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[.NET fundamentals] Classes vs. Interfaces

July 4, 2012

This is the second instalment in a collection of articles about .NET fundamentals. The first one dealt with Reference and Value types, or “classes” and “structures” as they are known in VB. In this article I’ll discuss the difference between classes and interfaces. But first allow me to bloviate about OOP.

Object Oriented Programming (OOP) is a programming paradigm that has proven very successful indeed. The bulk of programming languages you’ve heard about will  be based on or at least support OOP; LISP, C++, Pascal, Python, the entire .NET framework, the list goes on. I won’t dive into a full description of what OOP is and how it works, there’s plenty of online resources for that already. I’ll just give you a basic breakdown of the concepts.

An ‘Object’ is a collection of data and functions (though technically neither is required) that ‘make sense’ as a unit. Imagine for example a 3D Vector. This vector is defined by three numbers and each of those numbers has a specific meaning. Therefore it makes sense to put them all inside a single class. By naming them x, y and z, it also becomes completely obvious what each number means. The code for this class might look like this:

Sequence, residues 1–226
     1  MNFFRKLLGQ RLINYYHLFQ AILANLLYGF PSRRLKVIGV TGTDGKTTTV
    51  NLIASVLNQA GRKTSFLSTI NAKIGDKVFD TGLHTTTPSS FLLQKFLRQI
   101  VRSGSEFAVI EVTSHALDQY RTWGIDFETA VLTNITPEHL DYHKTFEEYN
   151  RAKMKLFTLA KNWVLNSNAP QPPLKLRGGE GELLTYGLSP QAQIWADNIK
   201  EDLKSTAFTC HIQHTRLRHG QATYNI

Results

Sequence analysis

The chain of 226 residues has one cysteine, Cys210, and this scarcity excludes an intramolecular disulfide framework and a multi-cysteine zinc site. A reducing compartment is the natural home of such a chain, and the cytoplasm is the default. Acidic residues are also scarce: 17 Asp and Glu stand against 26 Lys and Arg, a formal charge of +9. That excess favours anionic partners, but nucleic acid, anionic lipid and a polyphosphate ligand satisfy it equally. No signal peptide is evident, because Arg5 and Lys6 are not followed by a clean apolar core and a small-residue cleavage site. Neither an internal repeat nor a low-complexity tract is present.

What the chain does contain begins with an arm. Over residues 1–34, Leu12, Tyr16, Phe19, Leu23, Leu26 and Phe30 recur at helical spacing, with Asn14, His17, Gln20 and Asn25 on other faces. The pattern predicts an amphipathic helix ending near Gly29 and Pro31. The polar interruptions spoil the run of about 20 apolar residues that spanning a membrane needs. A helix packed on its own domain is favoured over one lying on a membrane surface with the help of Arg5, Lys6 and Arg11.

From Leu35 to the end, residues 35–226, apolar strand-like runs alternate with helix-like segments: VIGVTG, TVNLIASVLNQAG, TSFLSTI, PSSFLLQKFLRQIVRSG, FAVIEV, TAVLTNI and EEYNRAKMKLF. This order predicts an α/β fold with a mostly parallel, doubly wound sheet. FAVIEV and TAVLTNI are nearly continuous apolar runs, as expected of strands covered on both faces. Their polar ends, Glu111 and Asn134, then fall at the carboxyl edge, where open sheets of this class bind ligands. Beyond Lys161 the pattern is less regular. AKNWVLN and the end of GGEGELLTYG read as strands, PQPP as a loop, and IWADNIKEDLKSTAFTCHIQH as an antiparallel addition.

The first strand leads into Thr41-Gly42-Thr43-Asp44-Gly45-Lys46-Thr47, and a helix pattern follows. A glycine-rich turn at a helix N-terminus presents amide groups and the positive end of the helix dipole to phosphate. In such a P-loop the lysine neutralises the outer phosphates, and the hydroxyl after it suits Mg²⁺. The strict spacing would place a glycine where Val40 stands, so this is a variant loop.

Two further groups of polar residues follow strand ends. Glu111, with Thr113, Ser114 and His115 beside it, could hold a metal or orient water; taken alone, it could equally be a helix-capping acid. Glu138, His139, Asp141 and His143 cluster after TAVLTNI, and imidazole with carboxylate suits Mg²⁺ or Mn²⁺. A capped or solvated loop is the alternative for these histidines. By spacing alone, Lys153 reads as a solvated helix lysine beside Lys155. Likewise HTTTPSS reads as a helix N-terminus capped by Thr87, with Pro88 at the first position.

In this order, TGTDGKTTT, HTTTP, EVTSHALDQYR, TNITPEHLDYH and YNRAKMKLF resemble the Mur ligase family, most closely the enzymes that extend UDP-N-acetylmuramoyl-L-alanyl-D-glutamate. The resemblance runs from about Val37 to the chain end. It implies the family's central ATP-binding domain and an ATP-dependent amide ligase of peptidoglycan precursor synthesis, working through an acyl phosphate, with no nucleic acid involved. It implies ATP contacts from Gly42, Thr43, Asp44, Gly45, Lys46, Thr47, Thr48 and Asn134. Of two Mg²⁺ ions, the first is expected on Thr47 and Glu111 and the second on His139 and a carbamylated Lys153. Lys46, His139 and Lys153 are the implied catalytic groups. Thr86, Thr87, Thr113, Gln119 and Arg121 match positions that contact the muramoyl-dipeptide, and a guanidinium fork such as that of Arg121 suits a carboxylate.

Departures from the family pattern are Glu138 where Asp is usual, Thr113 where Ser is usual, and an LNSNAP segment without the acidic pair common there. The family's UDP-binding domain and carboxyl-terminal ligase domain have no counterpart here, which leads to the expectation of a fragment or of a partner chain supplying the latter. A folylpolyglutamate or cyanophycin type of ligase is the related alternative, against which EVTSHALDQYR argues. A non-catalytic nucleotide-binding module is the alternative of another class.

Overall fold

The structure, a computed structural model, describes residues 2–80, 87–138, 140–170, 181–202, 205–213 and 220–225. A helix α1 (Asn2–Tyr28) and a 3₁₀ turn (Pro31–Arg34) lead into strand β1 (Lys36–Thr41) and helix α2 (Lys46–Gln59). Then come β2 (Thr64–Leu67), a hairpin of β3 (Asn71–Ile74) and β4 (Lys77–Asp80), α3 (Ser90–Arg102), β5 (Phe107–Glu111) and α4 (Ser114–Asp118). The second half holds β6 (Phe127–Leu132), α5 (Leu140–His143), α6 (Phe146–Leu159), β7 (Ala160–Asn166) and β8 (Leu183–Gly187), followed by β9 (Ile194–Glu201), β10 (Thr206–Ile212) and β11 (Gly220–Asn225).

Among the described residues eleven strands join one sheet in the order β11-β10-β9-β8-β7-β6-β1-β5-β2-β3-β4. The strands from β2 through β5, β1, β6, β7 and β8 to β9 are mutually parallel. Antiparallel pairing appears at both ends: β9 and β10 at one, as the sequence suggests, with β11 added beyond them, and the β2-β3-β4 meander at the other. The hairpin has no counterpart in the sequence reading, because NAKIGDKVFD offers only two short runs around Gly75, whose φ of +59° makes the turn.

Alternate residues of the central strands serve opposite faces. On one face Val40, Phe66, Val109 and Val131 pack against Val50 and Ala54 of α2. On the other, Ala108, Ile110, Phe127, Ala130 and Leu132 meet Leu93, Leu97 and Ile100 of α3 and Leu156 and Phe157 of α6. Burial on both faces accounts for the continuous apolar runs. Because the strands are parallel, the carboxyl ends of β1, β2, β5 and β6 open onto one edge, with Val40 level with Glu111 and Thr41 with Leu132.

Class Vector
→→Public X As Double
→→Public Y As Double
→→Public Z As Double
End Class

(it is actually a bad idea to create classes with public fields, but this is not a post about best coding practices).

Furthermore we can add functions to this class that perform standard actions. If you want to know the length of a vector then there’s basically three different situations you may find yourself in.

  1. There is no function anywhere that computes the length of a vector, you have to do the maths yourself every single time from scratch.
  2. There is a global function somewhere that takes a vector and returns the length of said vector.
  3. There is a member function on the vector class that returns the length.

The first option is obviously a bad one. Not only does it slow down development by adding menial tasks, you’ll also have chunks of very similar code sprinkled throughout your code. Option two is a lot better as it eliminates the need to duplicate code, but these global functions are often difficult to find. The third option is the best one in my opinion. Here’s how the code would look for all three cases:

  1. Dim length As Double = Math.Sqrt((v.x * v.x) + (v.y * v.y) + (v.z * v.z))
  2. Dim length As Double = XXXX.VectorLength(v)
  3. Dim length As Double = v.Length

The vector class with the added Length method might look something like this:

Class Vector
→→Public X As Double
→→Public Y As Double
→→Public Z As Double

→→Public Function Length() As Double
→→→→Return Math.Sqrt((X * X) + (Y * Y) + (Z * Z))
→→End Function
End Class